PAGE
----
In 1961, Cuno Barragan (Sacramento, Sacramento JC) was invited to his first major- league spring training. The 29-year-old was excited and focused because he was expected to be the Chicago Cubs’ starting catcher.
However, just one week before Opening Day in a March 26 exhibition game against the Cleveland Indians, he suffered a devastating injury.
Barragan was on second base and the pitcher was at the plate. He figured the bunt was on. So, he took a big lead and readied himself for a hard slide into third base.
“The bunt goes down and I head for third base ready to hit the dirt,” the 83-year-old Barragan recalled in an interview in 2015. “But third-base coach Elvin Tappe suddenly signals for me to stand up. I stumble and collide with Indians third baseman Bubba Phillips. I slammed so hard into Phillips that I broke my ankle. Right then, I saw my whole life flash before my eyes.”
Barragan never saw action again until the major-league rosters expanded on September 1.
The Cubs faced the San Francisco Giants at Wrigley Field the day the rosters grew. When the lineup card was posted in the dugout it read: center fielder Ritchie Ashburn leading off followed by second baseman Don Zimmer, shortstop Ernie Banks, right fielder George Altman, left-fielder Billy Williams, third baseman Ron Santo, first baseman Andre Rodgers, Barragan and pitcher Glen Hobbie.
Barragan had waited a long time for that day. He sat in the dugout thinking about his first major-league at-bat and wondering, “What am I going to do? Am I going to strike out? I don’t want to strike out.”
In the Cubs half of the second inning, Altman singled. Williams grounded out to third base. Santo grounded out to shortstop. Then, Rodgers slugged a two-run homer.
While everyone was congratulating Rodgers, Barragan stepped to the plate and hit the first pitch off Giants right-hander Dick LeMay over the left-field wall.
“When I hit the ball, I ran like hell around first base,” Barragan said. “I figured it was going to be a double so I slide into second base. I didn’t even know the ball left the park until the umpire told me. Then I just started laughing. That turned out to be the highlight of my major-league career. It put me in the trivia books with 11 other guys for hitting a home run in their first at-bat and then never hitting another one.”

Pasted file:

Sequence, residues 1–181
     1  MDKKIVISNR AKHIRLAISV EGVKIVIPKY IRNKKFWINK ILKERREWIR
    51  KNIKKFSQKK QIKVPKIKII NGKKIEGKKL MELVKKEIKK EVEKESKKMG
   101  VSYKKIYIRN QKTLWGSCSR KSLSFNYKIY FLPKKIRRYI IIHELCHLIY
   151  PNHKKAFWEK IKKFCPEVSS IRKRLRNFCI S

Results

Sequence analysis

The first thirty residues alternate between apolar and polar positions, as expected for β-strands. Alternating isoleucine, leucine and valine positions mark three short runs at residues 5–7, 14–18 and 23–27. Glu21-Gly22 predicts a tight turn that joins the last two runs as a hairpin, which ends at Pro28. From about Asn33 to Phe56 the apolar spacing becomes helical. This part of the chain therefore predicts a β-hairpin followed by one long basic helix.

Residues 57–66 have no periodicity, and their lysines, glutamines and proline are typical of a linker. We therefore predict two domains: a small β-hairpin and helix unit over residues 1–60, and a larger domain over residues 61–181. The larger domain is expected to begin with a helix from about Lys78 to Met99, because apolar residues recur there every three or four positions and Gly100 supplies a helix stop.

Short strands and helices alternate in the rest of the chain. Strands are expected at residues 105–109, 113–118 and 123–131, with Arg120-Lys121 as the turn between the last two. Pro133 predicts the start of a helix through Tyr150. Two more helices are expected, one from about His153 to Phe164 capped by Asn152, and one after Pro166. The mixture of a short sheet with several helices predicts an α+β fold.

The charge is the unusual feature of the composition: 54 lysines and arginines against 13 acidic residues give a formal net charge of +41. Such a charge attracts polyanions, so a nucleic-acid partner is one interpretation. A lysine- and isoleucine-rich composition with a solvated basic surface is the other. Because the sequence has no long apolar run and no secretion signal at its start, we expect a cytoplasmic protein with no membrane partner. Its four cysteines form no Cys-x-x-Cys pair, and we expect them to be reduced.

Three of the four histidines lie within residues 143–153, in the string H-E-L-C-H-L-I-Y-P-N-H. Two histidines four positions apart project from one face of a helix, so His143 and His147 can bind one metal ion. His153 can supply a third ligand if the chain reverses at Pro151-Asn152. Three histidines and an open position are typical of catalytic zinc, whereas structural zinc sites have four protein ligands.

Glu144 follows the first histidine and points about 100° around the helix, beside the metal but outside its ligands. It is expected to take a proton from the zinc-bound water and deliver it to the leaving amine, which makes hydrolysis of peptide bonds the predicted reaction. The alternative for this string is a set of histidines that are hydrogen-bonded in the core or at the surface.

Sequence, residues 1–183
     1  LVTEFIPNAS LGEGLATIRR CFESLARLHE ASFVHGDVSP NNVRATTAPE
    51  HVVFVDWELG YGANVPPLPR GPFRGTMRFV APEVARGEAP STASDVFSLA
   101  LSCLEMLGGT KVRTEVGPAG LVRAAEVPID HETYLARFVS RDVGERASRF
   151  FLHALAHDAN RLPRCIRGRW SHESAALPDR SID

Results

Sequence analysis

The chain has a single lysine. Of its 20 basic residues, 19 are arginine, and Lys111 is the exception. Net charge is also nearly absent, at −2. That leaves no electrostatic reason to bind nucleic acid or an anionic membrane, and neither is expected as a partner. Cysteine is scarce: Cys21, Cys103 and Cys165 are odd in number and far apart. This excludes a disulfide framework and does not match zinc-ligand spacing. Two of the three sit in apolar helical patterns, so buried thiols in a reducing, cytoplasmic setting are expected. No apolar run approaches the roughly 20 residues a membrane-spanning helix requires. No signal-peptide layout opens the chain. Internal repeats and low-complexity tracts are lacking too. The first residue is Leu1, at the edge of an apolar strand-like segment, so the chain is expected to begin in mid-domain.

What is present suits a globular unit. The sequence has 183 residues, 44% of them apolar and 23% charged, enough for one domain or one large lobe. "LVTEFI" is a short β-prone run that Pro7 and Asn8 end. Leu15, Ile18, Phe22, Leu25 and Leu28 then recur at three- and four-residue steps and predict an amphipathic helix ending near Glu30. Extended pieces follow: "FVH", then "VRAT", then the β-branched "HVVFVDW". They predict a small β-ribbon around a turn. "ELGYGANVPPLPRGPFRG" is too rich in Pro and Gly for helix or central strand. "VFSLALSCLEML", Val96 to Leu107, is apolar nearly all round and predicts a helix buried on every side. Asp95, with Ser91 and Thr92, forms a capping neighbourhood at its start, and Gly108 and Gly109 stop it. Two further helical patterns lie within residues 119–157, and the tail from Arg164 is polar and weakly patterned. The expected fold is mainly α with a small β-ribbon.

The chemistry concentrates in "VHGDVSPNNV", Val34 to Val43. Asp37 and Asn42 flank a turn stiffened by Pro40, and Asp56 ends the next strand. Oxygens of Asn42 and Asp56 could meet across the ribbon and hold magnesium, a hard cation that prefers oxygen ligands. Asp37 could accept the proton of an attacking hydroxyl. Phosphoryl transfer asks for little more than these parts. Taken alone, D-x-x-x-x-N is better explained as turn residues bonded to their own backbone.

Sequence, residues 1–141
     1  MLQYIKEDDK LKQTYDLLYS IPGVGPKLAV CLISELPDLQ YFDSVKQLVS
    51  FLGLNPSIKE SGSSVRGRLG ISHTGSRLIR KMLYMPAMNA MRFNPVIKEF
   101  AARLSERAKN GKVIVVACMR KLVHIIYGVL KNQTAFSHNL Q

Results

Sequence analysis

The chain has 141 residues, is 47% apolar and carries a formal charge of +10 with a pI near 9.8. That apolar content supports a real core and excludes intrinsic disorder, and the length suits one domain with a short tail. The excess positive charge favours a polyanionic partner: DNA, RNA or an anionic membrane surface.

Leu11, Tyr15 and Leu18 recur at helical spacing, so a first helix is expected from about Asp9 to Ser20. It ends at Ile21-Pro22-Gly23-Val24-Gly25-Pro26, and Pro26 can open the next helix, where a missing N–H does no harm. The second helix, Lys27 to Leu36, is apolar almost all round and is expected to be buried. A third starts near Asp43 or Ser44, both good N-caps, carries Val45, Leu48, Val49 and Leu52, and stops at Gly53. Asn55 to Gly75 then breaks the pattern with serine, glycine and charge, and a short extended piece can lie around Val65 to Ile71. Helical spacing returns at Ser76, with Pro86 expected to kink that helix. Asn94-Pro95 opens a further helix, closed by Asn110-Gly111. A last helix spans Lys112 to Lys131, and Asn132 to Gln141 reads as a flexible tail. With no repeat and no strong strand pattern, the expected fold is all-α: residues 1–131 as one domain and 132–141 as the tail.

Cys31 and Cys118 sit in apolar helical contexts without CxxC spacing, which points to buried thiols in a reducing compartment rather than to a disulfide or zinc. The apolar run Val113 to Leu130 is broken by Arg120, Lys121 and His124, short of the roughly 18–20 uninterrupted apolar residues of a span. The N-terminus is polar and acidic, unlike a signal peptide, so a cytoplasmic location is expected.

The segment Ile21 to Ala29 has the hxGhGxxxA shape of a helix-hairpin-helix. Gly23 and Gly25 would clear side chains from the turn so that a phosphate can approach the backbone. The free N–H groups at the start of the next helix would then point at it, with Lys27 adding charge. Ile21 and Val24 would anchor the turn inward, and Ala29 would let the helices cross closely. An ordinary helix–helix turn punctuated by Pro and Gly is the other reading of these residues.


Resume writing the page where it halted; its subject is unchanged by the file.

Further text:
Barragan also became the 28th player in major league history to homer in his first at-bat.
For the 5-foot 11-inch, 180-pound Barragan, however, his historic home run seemed anti-climactic.
“I never got the ball. I never got called out of the dugout to take a bow,” Barragan remembered. “There must have been all of 25 people in the stands that day. Nobody came to the games because we were so bad and in last place. Hobbie was the next batter. He shook my hand. No one else seemed to give a shit.”
Barragan was described as a solid catcher with an excellent throwing arm. He often threw out the best baserunners in the game, including Maury Wills, who swiped 586 bases in his 14-year career.
“I could throw Maury Wills out any day or night,” Barragan said.
Barragan, whose short three-year career ended in 1963 with a .202 batting average, said the veteran Cubs players like Hall of Famers Santo, Banks and Williams “treated me great.” In fact, Santo was his roommate on the road in 1962.
Barragan treasured his time with Santo. His first trip to New York with the Hall of Famer was a memorable one.
He and Santo had a room on the sixth floor. The team bus was scheduled to leave in front of the hotel for the ballpark at 5 p.m. The pair got so wrapped up in watching American Bandstand on television, they lost track of time.
Fearing they’d be late for the bus, the pair raced to the elevator. When they reached the first floor and hustled out the front entrance, the bus had left.
Barragan and Santo didn’t know what to do.
“Me being a rookie, my heart was pounding out of my chest,” Barragan said. “Fortunately, out of the blue a guy stepped forward, said he could help and flagged down a cab.”
Barragan and Santo jumped into the cab and screamed, “Get us to the Polo Grounds.”
The cabbie responded, “Where’s that?”
The dilemma was solved when the bystander who flagged down the cab jumped into the driver’s seat and drove Barragan, Santo and the cabbie to the ballpark. They reached the Polo Grounds just as the Cubs players were getting off the bus.
Barragan remembered with great pride the last game at the Polo Grounds.